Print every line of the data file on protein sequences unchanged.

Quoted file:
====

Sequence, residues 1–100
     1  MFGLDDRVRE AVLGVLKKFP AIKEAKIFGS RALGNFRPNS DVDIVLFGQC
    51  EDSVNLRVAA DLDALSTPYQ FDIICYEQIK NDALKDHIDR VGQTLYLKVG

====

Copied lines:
Sequence, residues 1–100
     1  MFGLDDRVRE AVLGVLKKFP AIKEAKIFGS RALGNFRPNS DVDIVLFGQC
    51  EDSVNLRVAA DLDALSTPYQ FDIICYEQIK NDALKDHIDR VGQTLYLKVG